Red Deer’s old courthouse sits as the centrepiece of Red Deer’s historic downtown and is celebrating its 90th birthday. Come spend some time downtown. Visit the city’s unique Ghost Collection, many of which are within a few blocks of the Old Courthouse.  For more information on leasing opportunities in this beautiful building, please email Davin Kemshead or phone 403-318-6479.  

 

How the Railroads Shaped Red Deer

 

 

 

 

 

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Central Alberta

Evaluation Assistant – Part-time Casual

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Evaluation Assistant – Part-time Casual

The Evaluation Assistant will be part of the Evaluation Team at the Red Deer Primary Care Network (RDPCN) working under the direct supervision of the Evaluator. The main responsibilities include data collection, data entry, as well as supporting both analysis and reporting for a broad spectrum of RDPCN programs and services. The successful candidate should be competent at working both independently and in a team environment; accurately managing data, and contributing to high quality reports and other deliverables.

Key Strengths of Candidates;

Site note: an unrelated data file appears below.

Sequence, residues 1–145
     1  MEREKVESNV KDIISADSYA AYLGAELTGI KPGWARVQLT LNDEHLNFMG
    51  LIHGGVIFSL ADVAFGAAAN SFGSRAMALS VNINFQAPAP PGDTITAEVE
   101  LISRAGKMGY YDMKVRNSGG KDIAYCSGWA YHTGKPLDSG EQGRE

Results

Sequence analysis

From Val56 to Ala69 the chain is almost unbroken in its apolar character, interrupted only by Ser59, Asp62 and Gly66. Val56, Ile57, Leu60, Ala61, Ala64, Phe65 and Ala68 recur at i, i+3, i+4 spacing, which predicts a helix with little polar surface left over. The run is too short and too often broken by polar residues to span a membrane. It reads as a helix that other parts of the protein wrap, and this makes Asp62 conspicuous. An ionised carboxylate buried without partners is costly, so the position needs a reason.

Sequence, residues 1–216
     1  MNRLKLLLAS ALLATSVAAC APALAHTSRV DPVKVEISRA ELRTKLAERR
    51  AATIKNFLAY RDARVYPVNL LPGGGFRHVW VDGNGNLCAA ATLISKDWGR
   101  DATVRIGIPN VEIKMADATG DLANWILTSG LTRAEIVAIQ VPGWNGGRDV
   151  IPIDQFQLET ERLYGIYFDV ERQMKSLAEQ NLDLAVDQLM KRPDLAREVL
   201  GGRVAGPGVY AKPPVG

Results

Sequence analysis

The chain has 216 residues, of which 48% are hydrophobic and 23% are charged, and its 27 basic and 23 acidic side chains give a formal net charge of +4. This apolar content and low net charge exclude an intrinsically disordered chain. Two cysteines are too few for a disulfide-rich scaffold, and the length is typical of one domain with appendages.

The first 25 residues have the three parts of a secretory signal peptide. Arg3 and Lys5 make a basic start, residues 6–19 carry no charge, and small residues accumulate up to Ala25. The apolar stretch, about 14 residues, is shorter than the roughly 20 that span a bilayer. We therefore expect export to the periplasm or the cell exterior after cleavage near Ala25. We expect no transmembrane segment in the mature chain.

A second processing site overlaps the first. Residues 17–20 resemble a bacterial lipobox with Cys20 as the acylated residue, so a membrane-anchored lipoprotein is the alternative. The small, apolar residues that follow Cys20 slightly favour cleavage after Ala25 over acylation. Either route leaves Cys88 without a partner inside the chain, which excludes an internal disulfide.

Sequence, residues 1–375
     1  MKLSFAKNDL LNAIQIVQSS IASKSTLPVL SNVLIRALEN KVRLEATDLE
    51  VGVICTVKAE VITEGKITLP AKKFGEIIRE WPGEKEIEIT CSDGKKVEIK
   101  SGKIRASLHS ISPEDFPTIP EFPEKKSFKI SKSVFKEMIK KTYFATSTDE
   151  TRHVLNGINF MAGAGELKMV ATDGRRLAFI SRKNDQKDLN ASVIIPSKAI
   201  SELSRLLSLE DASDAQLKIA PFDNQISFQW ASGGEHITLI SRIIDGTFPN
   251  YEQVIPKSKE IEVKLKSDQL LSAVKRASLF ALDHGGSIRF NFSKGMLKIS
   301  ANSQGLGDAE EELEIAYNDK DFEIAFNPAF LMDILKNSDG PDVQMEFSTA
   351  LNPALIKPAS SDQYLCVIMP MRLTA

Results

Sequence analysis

• Bachelor degree in social sciences or health-related area
  • Experience in applied research or evaluation, quantitative and/or qualitative (minimum 2
  • years preferred)
  • Excellent command of Microsoft Excel, Word, Power Point and Outlook
  • Strong written and verbal communication skills
  • Detail orientated and organized
  • Able to work flexible hours with some evenings
  • and/or weekends.
  • This position is part-time casual, with varying hours

Act now. APPLY

Submit your curriculum vitae to [email protected] (with “Evaluation Assistant” in the subject line), or by fax to 403.342.9502. A full job description can be found at https://rdpcn.pcnpmo.ca/Careers.

Closing date: April 19, 2021 or until a successful candidate is found. Only candidates selected for an interview will be contacted.